Canyon Crest Academy’s rookie robotics team, de.evolution, took first place in its division and second place overall in the worldwide FIRST Tech Challenge (FTC) robotics competition held this past weekend in St. Louis.
Beginning last fall, 1,600 teams of 10 members each from around the world competed in regional tournaments, for an invitation to the international competition. Of those 1,600 teams, 128 winning teams were invited to compete in St. Louis – among them de.evolution, which won first place in its first regional competition in December in Los Angeles.
At the international tournament, the 128 teams (representing 1,280 students) were divided into two divisions of 64 teams each. Two days of qualifying matches eliminated all but four teams from each division. The four teams then played against one another, and de.evolution won its division handily with a spunky little robot, innovative programming and nimble maneuverability.
With 11 team members in ninth and 10th grades, de.evolution was formed just this year and was classified as a rookie team. The Canyon Crest students competed head-to-head against older teams with more experience that had been together for years.
The FTC game this year was developed with input from professional robotics designers, engineers and sensor experts from across the country. The game – called “Get Over It!” – is played on a 12-foot by 12-foot square field, with two periods of play. The first period, when teams program their robots to move independently, is called an “autonomous” period, which lasts 40 seconds. The second period is driver-controlled and last two minutes. The robots are about 18 inches all around and resemble mini, open-air tanks.
The object of the game is to move robots to baton dispensers positioned around the field, retrieve the batons which are made of six-inch PVC tubes, and place the batons into stationary and rolling goals. Bridges, cliffs and a “mountain” challenge the robots to “get over” the obstacles to reach their goal. Points are awarded for balancing on the bridges and for various other moves, depending upon difficulty.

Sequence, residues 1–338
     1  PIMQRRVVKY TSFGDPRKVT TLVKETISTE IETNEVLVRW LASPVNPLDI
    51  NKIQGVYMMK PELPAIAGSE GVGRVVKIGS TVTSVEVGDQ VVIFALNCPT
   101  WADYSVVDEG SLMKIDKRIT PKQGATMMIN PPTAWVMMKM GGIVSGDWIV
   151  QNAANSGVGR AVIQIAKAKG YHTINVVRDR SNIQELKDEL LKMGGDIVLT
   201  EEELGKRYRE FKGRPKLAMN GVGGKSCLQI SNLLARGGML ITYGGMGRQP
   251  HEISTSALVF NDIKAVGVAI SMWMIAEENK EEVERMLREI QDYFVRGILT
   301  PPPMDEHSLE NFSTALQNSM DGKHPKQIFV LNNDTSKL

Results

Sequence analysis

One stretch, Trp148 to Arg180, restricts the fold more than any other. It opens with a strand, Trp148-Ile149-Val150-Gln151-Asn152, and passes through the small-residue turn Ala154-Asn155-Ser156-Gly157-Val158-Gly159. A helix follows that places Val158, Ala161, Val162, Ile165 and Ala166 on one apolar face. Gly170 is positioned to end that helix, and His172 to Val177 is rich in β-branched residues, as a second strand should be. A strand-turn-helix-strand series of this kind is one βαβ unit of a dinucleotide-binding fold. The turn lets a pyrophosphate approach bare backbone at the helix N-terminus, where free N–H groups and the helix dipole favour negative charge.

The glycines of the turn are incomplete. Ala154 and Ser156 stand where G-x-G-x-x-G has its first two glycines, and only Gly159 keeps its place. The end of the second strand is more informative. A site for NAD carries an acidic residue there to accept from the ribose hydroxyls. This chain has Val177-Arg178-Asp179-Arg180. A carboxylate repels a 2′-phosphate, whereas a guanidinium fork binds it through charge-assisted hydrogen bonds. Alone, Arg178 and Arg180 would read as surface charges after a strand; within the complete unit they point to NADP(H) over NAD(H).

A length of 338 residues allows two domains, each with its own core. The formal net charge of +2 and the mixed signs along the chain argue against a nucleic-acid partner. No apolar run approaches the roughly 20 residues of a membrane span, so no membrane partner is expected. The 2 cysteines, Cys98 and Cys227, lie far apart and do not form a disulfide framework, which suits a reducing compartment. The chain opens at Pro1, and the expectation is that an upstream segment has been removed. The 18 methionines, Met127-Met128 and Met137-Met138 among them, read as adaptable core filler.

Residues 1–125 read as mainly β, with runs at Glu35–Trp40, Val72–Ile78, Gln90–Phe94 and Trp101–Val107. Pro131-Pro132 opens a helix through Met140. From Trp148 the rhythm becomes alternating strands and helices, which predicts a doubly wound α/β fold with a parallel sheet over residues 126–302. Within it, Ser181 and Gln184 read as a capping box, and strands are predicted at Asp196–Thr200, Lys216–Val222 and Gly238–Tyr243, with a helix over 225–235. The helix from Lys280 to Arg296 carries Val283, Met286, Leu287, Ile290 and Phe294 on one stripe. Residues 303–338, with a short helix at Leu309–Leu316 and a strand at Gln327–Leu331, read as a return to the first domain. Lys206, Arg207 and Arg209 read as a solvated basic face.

The robotics kit consisted of 11 motors, nine sensors, two game controllers, wireless communications and metal gears, and all required hardware building materials. Each team designed and built a uniquely constructed robot, resulting in competitions with no two robots alike.
Objectives were to construct a mechanism to grasp and place batons, to write software to enable the robot to move autonomously and be controlled by a driver, and to master sensor use, mechanical challenges, infrared tracking, magnet seeking, line following, balancing, withstanding impact, and traversing over bridges, cliffs and other obstacles.
The four-day competition, held April 27-30, included an evening concert by the Black-Eyed Peas and featured will.i.am who gave robotics some star power with words of encouragement for the thousands of students in the audience to continue their interest in science, engineering and technology.
Held at the 550,000-square-foot America’s Center and Edward Jones Dome convention center complex in St. Louis, FIRST’s international gathering brought together 11,064 students from 29 countries, 5,247 mentors and coaches, 700 event volunteers including judges and referees – and 561 robots of various shapes, sizes and abilities.
Based in Manchester, New Hampshire, FIRST (For Inspiration and Recognition of Science and Technology) was founded by inventor Dean Kamen in 1989. A non-profit organization, FIRST [www.usfirst.org] sponsors robotic competitions globally to motivate young students to pursue careers in science, engineering and technology.
FIRST offers four competitions: the Junior FIRST LEGO League for students ages 6 to 9, FIRST LEGO League for students ages 9 to 14, and two high school competitions – FIRST Tech Challenge (FTC) and FIRST Robotics Competition (FRC).
FTC, according to FIRST, offers students the chance to design, build and program robots; get hands-on programming and rapid-prototyping experience; apply real-world math and science concepts; document the engineering process; develop problem-solving, organizational and team-building skills; learn cooperation and professionalism; and qualify for $10 million in college scholarship money.
Assessments by experts have concluded that robotics participants develop an increased understanding of basic science principles, the engineering design process, research, planning, collaboration, mentorship, teamwork, and how technology can be used to solve real-world problems.
Canyon Crest Academy is one of four comprehensive high schools in the San Dieguito Union High School District.